We left Leconfield on Philippa's third birthday - it was a very long drive up to our new home in the far north of Scotland. I remember the journey, interspersed with a few rest stops for us all to stretch our legs and empty the potty we girls had used from time to time in the back of the car (well... it saved having to stop all the time, haha!)
I recall it was dark and my sisters were asleep, when I asked my Dad whether we were nearly there; he replied that we had a way to go yet and suggested I go back to sleep. But I didn't go back to sleep and very soon I saw a signpost for Perth and Kinross, and I remember thinking (wrongly) that my Dad had fibbed to me. (I had confused Kinross with Kinloss - the latter being where we were headed.) A long time later, we arrived at our new home.
For the first two months up there, we lived in a tiny cottage (Wester Coltfield Cottage) near the village of Alves in Morayshire. Katrina and I went to Alves Primary School, where we were the only English pupils. For me, school was weird - not just because of the strange accents I heard, with foreign-sounding words ('quinies' meaning 'girls' and 'loons' meaning 'boys' to give just a couple of examples), but my primary school teacher taught both, my class and the year above me, in the same room, each class taking up two rows of desks in the one room, and each class doing different work - it was very strange!
The tiny 2-bedroomed cottage we lived in was on farmland - Wester Coltfield Farm was situated just up the hill, behind the house, and we girls were often to be found up there, helping Mr and Mrs McIver and their children Sandra and Cameron. We would collect the eggs which were of course wherever the free range hens had laid them, or just wander around the farmland. Katrina was often to be found with their horse, and with this expanse of a playground that we had never had before, we did enjoy our brief time in Alves.
Once a quarter (military house) became available for us on the base, we moved the few miles to the South Side estate of RAF Kinloss. The camp was situated near to the town of Forres, which is situated about 25 miles from Inverness, the capital of the Highlands. We had some absolutely wonderful times there. Katrina and I changed schools during our time there. We both went to Kinloss Primary School (next door to the camp) for our first year there, then I moved to another primary school in Forres - a new one - whilst Katrina stayed at KPS but then, the following year, she also transferred to a school in Forres but a different one from the one I went to.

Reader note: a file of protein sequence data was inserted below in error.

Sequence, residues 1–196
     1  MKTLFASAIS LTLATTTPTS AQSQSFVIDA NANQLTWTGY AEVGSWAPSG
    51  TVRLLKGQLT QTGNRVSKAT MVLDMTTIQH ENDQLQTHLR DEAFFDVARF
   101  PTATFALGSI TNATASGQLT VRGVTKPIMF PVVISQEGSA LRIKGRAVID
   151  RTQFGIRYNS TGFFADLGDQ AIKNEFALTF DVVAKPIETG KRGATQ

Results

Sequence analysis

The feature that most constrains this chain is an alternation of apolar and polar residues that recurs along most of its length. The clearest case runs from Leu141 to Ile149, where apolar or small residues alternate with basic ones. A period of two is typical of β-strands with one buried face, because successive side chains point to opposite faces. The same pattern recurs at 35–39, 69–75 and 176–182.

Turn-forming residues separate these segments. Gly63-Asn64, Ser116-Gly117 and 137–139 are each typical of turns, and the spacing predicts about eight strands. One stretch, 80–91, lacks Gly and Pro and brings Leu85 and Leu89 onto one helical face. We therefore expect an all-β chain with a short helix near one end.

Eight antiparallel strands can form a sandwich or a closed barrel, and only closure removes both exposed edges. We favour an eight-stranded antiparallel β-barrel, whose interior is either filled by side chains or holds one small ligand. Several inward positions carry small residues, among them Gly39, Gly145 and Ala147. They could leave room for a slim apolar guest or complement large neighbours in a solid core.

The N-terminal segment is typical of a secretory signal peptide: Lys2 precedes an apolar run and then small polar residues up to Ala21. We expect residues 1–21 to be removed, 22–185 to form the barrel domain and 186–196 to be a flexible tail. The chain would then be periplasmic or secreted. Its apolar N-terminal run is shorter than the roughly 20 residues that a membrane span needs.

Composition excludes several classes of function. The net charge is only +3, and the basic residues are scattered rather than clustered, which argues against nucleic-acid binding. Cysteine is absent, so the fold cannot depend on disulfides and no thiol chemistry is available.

Both Katrina and I took up swimming as a dedicated hobby, and once she too had learned to swim, Philippa joined us in the sport, too. When we all proved to be pretty good at the sport, we joined the swimming club and soon found ourselves being coached properly and taking part in galas galore the length and breadth of Scotland - and indeed, we won some!
Huge thanks must go to our dear Dad, who gave up his own hobby of angling, once it became clear we were really good swimmers, in order to have the time and money to take us to the many competitions we took part in.
One really specific memory I have of when we lived at Kinloss was the occasion my dad came upstairs to wake me up late one night; he took me outside carrying me in his arms, and we looked up at the sky where we could see the dancing prancing Aurora Borealis. What a sight! Such beautiful colours... absolutely amazing, it was!
Another vivid memory I have of living at Kinloss is of Christmas 1971. I went with my mum to the phone box near our home (we didn't have a phone in the house back in those days). I remember ringing my Nanna who lived down south in England, and both Mum and I were wearing in our summer dresses and flip-flops, as it was so very warm; such was our Christmas that year in the far north of Scotland!
One day, after we'd been there a few years, Dad came home and asked us if we would like to live overseas. Thus began our dream of being posted to Malta.